Hop, Skip, Jump

The kinetic thrill of running, jumping, soaring and bounding over obstacles is one of the most incredible thrills a game can give you, if you ask me. Forget pumping lead into half-locust-half-man monstrosities or punching mythological creatures with boxing gloves made of Cerberus heads – I’ll take a death defying leap between Venetian rooftops any day.

I’ve been playing plenty of games recently, action packed, explosion filled, bullet riddled action epics like sequels to Just Cause, Assassin’s Creed and Crackdown, but found myself eschewing bullets and hidden-blades in favour of the more simplistic stimulation of leaping between balconies, navigating concrete jungle gyms and sky-diving from helicopters.

It goes back to the games of my youth, undoubtedly. The pixel perfect physics of Mario’s effortless leap must have been infused with as much time and meticulous effort as Infinity Ward would take on crafting the perfect machine gun, with the most vicious recoil, the most delicious reloading animation and the most primal roar.

Nintendo wasn’t going for the same level of realism as a typical Call of Duty weapon – I doubt a pudgy Brooklyn plumber could hop a manhole let alone a fire breathing regal turtle – but it made for a predictable platforming system that you could pick up with ease and ultimately master in time. Pick up any random Mario-cloning garbage flash game to instantly see how just how perfect Mario’s every leap, bound and elastic bounce is.

The plumber is still going strong on Wii of course, but outside of the candy coloured worlds of bumble bees and fluffy clouds, there are a scant few games that hope to achieve a similar liberating feeling of movement in more realistic environments, a distinct dirge of experiences I so desire. And when they do exist – in the guises of Venetian conspiracy theory Assassin’s Creed or mutant slaying comic Crackdown 2 – their leaps and bounds are always interrupted by ceaseless gunfire or nuisance guards.

Even in games that offer platforming in their purest form, including the latest legacies in the dusty dungeon delving Prince of Persia and Tomb Raider franchises, you’re often made to stop to deck a few skeletons or finish off some random tigers. It brings the flow of movement to a standstill, just to slap a gun in the protagonist’s hand on the box art, because guns sell games. And, hey, don’t even talk to me about Xbox Live Arcade’s “Lara Croft and the Unrelated Spin-off”.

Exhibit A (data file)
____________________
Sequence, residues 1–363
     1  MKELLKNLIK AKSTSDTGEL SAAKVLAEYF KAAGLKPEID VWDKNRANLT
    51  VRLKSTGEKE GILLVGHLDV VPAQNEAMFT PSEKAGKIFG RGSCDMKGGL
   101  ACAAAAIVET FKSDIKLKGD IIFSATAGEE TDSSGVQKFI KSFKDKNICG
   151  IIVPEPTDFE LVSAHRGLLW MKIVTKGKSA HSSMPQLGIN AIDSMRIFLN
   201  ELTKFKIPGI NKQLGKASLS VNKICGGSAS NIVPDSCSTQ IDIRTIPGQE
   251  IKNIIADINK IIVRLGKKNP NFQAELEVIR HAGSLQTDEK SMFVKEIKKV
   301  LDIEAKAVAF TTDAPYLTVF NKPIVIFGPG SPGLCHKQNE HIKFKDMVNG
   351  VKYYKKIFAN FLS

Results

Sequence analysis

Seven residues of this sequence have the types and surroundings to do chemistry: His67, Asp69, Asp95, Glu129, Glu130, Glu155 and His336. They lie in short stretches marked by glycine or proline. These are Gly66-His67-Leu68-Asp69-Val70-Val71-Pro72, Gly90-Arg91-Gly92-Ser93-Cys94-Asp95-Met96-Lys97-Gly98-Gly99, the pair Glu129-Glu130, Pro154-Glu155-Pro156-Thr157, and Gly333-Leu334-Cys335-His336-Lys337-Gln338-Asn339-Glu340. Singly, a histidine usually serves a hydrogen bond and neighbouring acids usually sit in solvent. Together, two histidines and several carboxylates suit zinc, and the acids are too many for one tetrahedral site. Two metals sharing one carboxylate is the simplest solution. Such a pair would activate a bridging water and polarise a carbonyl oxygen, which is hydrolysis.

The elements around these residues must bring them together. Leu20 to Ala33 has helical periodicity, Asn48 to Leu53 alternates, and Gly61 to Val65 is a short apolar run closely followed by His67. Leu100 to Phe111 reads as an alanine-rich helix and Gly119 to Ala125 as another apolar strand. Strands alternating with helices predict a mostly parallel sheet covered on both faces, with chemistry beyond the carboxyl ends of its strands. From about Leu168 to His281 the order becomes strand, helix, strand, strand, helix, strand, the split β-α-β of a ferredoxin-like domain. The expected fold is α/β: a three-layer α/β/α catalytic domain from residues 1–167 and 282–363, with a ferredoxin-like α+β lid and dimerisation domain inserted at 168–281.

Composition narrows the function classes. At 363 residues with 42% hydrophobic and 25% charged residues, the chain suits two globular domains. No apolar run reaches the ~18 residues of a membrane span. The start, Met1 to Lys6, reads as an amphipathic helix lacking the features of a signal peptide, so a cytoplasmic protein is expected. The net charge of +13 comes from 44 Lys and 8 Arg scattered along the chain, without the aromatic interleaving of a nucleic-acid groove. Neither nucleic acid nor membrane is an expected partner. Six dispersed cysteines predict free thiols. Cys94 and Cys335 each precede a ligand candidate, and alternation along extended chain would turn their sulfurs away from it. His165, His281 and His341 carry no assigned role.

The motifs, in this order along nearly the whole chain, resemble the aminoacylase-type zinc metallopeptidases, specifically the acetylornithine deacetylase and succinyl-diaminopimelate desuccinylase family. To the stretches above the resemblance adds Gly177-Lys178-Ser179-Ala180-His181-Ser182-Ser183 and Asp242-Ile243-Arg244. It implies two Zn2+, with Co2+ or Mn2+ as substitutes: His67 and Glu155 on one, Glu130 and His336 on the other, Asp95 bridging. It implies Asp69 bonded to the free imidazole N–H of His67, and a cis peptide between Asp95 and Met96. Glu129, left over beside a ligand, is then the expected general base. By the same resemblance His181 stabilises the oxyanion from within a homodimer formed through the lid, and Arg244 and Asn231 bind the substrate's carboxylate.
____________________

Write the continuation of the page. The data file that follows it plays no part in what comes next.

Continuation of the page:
Personally, I’m happy to just move, jump, explore and clamber. I’m satisfied with scrambling and content with climbing, so why must I gun down goons between frantic free running sessions? Isn’t there a developer out there brave and bold enough to do a Mirror’s Edge without the cops, or unleash a Crackdown that’s just about orbs?

Because I’d snap that up in a heartbeat.







2 responses to “Hop, Skip, Jump”

  1. Leon avatar

    I know what you’re saying – one of the worst things about sandbox games is that often half the buttons are mapped to violence – and I’m thinking, what if I just wanted to interact with this world in a non-violent manner? But then we get to the complex issue of AI characters actually having personalities and varied actions, rather than simple “attack player screaming random battle cries/insults”

    I can’t exactly see how such a game would work – after all the enemies in games often create the “challenge”, and I’m not a big fan of time limits as an alternative. A world such as Crackdown’s would probably bore me without the enemies, but to be honest I don’t particularly love the combat, either.

    I think the biggest challenge is getting game out of the rut that means that every game must revolve around defeating enemies – almost every game I can think of has some kind of opponent. But personally, I can’t exactly think of what such a game would do to be fun – simply running around collecting items sounds as though it would be a little tedious. And I definitely don’t want mini games!

  2. Michael avatar

    That would be an interesting idea but as Leon said it would probably become boring. Who can really say until it’s done though? 🙂

    Possibly the greatest gaming thrill I’ve ever had was in Crackdown, that long Agency climb and the rapid descent. And yes, I genuinely loved Mirror’s Edge though the enemies did tick me off immensely from, hmm, Chapter Six maybe? I suppose that was the point in terms of “power” difference between Faith and the cops but still, it did take from the joy of simply “running” free!

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